The names of compounds which contain free glutamates include: glutamic acid, calcium glutamate, magnesium glutamate, yeast extract, anything hydrolyzed or modified (like modified corn starch), calcium caseinate, sodium caseinate, yeast food, yeast nutrient, autolyzed yeast, gelatin, texture protein, and processed soy products, anything where enzymes or protease has been added, whey protein isolate, and often when the product contains citric acid (it's the poor processing of citric acid that generates free glutamates). Beware, as well of any ingredient merely listed as "seasoning" or "natural flavoring", or "protein fortified" as the Food and Drug Administration allows food manufacturers to call free glutamates by those monikers as well.
Do natural foods contain free glutamates? The truth is, when foods with any level of glutamate is cooked long, and/or processed, glutamates are released and concentrated which then becomes a problem. Tomatoes are the perfect example, because when you eat a fresh tomato the glutamate is bound and you can only eat one, maybe two. No problem at all. But how many tomatoes can you eat if they are made into a sauce? Well, the answer is that you could easily drown that spaghetti in 6-8 tomatoes that have been cooked down, the glutamate released and concentrated. Watch out migraineurs, but also anyone wanting to protect neurons or overcome a disease already in progress. Those who say there are "free glutamates" in the tomato or other natural foods are not quite accurate, because in Nature, there just isn't any amino acid that exists alone!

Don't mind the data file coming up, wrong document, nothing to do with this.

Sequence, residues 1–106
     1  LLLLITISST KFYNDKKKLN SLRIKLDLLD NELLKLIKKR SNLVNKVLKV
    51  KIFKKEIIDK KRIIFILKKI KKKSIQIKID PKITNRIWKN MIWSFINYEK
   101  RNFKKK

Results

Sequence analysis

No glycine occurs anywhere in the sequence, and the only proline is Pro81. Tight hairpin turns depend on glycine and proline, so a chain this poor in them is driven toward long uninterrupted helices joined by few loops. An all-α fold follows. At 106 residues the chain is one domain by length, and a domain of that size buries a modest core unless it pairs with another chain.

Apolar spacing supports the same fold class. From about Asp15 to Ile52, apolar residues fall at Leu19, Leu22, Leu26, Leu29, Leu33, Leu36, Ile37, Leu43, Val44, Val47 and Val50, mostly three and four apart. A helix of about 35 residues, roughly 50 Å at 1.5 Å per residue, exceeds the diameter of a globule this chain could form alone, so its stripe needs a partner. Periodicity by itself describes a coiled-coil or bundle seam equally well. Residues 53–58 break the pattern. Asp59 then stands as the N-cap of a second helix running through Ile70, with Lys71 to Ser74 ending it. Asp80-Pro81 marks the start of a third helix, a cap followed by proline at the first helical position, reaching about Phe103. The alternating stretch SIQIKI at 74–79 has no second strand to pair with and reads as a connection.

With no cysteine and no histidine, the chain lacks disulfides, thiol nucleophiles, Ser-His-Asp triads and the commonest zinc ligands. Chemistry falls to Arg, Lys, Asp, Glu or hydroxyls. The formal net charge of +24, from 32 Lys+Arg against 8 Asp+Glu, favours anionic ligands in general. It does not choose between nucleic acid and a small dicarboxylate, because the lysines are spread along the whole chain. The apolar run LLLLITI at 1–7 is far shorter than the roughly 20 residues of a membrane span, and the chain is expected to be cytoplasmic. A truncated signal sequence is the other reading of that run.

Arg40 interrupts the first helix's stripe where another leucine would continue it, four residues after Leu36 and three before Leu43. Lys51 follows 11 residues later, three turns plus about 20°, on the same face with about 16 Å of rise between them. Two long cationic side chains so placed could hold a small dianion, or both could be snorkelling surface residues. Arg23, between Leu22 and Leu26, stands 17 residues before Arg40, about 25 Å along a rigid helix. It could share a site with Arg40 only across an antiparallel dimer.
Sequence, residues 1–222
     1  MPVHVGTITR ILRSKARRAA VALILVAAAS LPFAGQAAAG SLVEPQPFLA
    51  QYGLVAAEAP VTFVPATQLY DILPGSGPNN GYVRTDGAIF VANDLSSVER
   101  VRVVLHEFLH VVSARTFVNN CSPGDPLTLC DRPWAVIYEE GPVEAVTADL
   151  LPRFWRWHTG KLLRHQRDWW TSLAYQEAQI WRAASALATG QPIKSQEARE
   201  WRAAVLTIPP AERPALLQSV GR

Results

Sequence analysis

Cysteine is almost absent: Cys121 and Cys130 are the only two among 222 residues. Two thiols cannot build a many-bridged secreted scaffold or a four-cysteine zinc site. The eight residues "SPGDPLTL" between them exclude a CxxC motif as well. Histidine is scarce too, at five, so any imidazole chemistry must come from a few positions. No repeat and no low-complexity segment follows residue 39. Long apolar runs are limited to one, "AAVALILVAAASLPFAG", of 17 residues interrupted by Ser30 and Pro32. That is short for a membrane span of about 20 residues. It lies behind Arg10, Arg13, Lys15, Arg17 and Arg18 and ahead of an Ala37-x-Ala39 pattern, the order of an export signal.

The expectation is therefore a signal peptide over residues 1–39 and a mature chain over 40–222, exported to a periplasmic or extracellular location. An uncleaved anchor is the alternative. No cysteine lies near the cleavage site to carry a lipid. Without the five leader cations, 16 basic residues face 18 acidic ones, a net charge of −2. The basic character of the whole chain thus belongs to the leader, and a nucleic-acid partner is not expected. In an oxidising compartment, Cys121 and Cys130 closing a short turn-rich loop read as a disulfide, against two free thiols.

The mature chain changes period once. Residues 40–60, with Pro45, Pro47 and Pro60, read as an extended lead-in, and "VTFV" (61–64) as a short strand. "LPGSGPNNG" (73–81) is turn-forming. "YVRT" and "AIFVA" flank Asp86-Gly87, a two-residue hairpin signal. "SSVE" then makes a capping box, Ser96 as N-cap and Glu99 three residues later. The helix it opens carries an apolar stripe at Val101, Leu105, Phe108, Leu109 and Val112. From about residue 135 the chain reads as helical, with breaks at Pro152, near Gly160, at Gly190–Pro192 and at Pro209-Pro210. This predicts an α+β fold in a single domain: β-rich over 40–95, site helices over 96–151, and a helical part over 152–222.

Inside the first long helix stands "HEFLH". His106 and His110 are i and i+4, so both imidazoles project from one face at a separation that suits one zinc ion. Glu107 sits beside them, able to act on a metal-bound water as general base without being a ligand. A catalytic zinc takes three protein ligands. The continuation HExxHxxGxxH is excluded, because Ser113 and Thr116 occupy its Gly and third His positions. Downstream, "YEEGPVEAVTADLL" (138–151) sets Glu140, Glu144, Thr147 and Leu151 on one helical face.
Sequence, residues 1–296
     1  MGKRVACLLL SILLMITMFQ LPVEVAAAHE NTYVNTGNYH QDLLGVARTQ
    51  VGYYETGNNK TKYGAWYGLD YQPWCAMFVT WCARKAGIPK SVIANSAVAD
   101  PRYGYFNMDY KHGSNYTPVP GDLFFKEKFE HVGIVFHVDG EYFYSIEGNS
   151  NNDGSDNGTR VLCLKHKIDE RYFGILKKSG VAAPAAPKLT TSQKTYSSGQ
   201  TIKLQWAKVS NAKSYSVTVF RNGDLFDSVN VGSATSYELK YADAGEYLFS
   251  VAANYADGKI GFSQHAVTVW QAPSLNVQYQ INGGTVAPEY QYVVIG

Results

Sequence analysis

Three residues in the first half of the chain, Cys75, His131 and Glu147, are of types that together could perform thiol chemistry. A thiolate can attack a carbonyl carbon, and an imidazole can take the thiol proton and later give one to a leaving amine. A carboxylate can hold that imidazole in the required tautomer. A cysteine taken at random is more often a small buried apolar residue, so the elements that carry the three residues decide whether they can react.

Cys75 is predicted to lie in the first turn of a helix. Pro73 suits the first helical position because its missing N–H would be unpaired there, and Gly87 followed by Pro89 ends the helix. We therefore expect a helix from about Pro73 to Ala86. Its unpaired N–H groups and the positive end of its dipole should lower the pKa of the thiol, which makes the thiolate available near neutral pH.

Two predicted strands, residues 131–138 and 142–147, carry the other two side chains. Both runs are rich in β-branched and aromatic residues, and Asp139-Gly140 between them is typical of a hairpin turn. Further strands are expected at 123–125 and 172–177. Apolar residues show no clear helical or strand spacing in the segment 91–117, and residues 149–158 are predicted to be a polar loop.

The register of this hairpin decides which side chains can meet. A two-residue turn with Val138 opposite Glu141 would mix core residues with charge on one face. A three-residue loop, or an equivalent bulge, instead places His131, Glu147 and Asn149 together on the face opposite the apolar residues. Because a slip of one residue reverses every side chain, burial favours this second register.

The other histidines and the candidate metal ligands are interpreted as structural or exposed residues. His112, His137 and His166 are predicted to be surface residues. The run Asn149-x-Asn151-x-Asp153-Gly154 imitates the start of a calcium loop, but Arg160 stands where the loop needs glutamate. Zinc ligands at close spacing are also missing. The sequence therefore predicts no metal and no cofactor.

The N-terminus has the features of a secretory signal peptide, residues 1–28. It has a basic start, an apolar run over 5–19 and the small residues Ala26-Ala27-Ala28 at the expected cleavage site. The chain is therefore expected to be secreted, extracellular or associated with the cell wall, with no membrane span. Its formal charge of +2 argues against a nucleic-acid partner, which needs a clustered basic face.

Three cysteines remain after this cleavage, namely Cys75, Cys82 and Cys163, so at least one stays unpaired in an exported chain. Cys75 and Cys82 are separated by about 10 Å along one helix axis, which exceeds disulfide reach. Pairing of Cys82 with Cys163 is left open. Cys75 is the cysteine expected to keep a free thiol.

How do you protect yourself from dietary free glutamates? Fortunately, it's the very thing everyone who wants to prevent or overcome disease should do anyway!
Eat only pure, fresh, whole foods, many raw and preferably organic (no pesticides). When you cook, use whole foods (not canned, packaged or processed) and cook gently, using only extra virgin olive oil, natural salt, pepper and herbs for seasoning. If you ever consume anything packaged or prepared by others, read the ingredient list and make sure there are no added free glutamates.
When you consume highly processed foods, free glutamates are either generated in the processing, or added within one of the many hidden sources manufacturers are sneaking in on you. If you eat out, avoiding free glutamates takes a great deal of motivation and perseverance, as nearly every single thing seasoned by others contains free glutamates. It's one reason food "out" seems to taste so much better than "homemade". It's also one reason people who are not perfectly healthy often don't feel as well after eating out, however.